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The Psychotronic Tourist

Contrary to popular belief, not all horror fans live in dark basements sitting in front of a screen 24 hours a day. Many of us like to get out every once in a while and travel! But when we do, it’s hard to resist the opportunity to visit our favourite movie locations. This column By Kier-La Janisse and friends is an offering to the erstwhile traveller, with each column dedicated to exploring the locations of a single film. In each entry we’ll give you photos, maps and history related to the locations in question, so that the articles can be used as virtual tour guides around genre cinema’s many intriguing landmarks.

 

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    The Psychotronic Tourist: FANGO Visits Tokyo’s CAMBIARE…The SUSPIRIA Bar!

    Our favorite films quickly feel like a part of our lives. You watch them repeatedly and they become like comfort food or a nice easy chair. You want to live in those movies, hang out with the characters and immerse yourself in their surroundings. The proprietors of Tokyo’s Cambiare Bar and Grill have taken this idea a little further, designing their establishment after Dario Argento’s 1977 masterpiece SUSPIRIA. When word of this bar’s existence hit the news wire, many a horror fan’s curiosity was piqued. Luckily, this writer found himself in Tokyo this past summer and decided to check it out. This was the story.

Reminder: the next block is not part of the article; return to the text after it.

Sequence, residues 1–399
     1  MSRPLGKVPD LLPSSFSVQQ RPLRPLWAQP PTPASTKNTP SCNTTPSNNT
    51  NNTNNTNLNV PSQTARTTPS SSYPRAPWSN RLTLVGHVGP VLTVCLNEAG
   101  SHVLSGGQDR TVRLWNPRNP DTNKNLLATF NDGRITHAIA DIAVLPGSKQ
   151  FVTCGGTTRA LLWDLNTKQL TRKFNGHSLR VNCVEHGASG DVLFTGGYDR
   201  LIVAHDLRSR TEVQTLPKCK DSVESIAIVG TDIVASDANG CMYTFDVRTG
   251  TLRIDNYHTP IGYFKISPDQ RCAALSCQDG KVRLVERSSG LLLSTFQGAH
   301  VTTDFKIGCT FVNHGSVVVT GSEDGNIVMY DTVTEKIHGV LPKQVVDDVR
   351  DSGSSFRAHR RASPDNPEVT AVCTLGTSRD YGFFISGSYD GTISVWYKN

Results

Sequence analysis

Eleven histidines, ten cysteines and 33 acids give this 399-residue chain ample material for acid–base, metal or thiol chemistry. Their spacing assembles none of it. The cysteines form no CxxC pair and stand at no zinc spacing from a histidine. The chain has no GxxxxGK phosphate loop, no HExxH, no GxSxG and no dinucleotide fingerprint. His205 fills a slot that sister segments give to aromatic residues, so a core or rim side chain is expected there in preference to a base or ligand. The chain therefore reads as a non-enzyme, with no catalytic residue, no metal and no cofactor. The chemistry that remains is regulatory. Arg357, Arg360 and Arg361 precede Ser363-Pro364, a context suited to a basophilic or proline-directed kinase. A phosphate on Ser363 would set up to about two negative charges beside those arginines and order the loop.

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    THE PSYCHOTRONIC TOURIST: AMSTERDAMNED VIDEO DIARY!

    In conjunction with my Psychotronic Tourist trip through the locations for Dick Maas’ 1988 water-killer thriller AMSTERDAMNED (see the full epic tour with then-and-now pics, history and maps HERE), Dutch journalist Michael Minneboo accompanied us, armed with a video camera, and turned out this awesome capsule of our day together with Dick Maas on the canals, revisiting AMSTERDAMNED 25 years on.

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    THE PSYCHOTRONIC TOURIST: BODY DOUBLE (1984)

    Welcome to the very first instalment of The Psychotronic Tourist! Using this month’s print FANGO De Palma coverage as a launching point, I decided to kick off the column by visiting some of the key locations from one of De Palma’s most excessive pictures, the oft-maligned VERTIGO/REAR WINDOW riff BODY DOUBLE (1984). Say what you will about the phallocentric nature of the film’s imagery and mental space, but BODY DOUBLE remains not only a lush, enthralling mystery set in the seedy underbelly of the movie biz, but also a virtual tour through many of Los Angeles’ most historic landmarks, some of which are sadly no longer with us. Upon a recent visit to L.A. I teamed up with Severin Films’ David Gregory, who took me around on a whirlwind day-trip through the titillating topography of vintage De Palma.

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